The second requirement, that a mark be distinctive, addresses a trademark’s capacity for identifying and distinguishing particular goods as emanating from one producer or source and not another.  Trademarks are traditionally divided into four categories of distinctiveness: arbitrary/fanciful, suggestive, descriptive, and generic.30

An “arbitrary/fanciful” mark is one that bears no logical relationship to the underlying product, such as “Apple” and “Kodak.”31 A “suggestive” mark is one that evokes or suggests a characteristic of the underlying good, such as “Copperstone,” which is suggestive of sun-tan lotion but does not specifically describe the underlying product.32 If a mark is classified as either arbitrary/fanciful or suggestive, it would be considered as “inherently distinctive”; in that case, exclusive rights to the mark would be determined solely by priority of use.33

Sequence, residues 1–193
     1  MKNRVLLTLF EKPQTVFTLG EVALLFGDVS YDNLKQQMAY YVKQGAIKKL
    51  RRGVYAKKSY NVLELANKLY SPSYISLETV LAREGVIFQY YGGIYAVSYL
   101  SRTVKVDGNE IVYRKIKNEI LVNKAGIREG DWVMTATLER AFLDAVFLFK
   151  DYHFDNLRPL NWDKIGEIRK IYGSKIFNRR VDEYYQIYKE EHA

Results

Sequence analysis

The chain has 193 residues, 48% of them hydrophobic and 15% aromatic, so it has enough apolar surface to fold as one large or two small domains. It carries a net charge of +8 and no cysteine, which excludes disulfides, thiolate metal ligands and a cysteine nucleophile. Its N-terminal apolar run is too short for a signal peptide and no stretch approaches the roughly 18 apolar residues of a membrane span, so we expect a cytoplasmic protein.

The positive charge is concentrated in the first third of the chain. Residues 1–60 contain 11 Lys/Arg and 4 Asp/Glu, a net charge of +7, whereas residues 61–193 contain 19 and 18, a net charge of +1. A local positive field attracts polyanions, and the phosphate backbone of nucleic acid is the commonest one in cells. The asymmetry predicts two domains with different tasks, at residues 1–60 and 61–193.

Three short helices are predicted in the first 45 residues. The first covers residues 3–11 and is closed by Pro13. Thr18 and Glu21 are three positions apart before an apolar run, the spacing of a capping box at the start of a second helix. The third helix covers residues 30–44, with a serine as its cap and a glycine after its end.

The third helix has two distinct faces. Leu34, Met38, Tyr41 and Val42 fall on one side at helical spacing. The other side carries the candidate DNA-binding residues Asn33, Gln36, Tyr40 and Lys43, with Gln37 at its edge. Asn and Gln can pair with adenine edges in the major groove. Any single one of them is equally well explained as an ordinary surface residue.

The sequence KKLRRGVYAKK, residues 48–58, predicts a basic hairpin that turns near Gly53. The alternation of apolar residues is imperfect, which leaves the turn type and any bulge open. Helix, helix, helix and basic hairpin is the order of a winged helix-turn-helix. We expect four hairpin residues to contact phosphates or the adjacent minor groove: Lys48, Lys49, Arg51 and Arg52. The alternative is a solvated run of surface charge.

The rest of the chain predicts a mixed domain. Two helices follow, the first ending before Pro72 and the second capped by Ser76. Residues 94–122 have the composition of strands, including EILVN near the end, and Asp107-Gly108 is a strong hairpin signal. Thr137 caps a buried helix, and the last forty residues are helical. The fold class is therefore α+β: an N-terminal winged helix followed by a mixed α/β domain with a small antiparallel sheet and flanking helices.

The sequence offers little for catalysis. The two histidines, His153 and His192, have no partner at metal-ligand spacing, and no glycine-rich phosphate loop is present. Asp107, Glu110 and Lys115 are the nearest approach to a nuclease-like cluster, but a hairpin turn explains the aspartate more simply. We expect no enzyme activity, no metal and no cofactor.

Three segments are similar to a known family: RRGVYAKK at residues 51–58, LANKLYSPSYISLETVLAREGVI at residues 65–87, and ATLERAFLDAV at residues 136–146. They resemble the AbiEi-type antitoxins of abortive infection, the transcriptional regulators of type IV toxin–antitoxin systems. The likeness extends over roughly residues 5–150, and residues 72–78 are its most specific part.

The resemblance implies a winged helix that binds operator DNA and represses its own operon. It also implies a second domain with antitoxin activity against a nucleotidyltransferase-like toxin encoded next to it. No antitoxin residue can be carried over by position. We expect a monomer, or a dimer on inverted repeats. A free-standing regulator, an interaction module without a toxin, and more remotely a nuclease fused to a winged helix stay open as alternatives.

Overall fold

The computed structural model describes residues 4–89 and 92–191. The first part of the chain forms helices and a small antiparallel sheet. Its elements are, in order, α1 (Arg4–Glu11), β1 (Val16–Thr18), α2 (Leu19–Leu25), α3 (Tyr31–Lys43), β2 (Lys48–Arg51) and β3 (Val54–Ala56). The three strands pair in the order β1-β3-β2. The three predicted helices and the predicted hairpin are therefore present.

A descriptive mark is one that “directly describes, rather than suggests, a characteristic or quality of the underlying product (e.g. its color, odor, function, dimensions, or ingredients).”34 An example would be the hotel chain “Holiday Inn.”35 A trademark that is categorized as “descriptive” would only be protectable as a trademark if it “has acquired a secondary meaning in the minds of the consuming public.”36 In the “Holiday Inn” example, the term has acquired secondary meaning because “the consuming public associates that term with a particular provider of hotel services, and not with hotel services in general.”37 Secondary meaning is also necessary to “establish trademark protection for a personal name or a geographic term.”38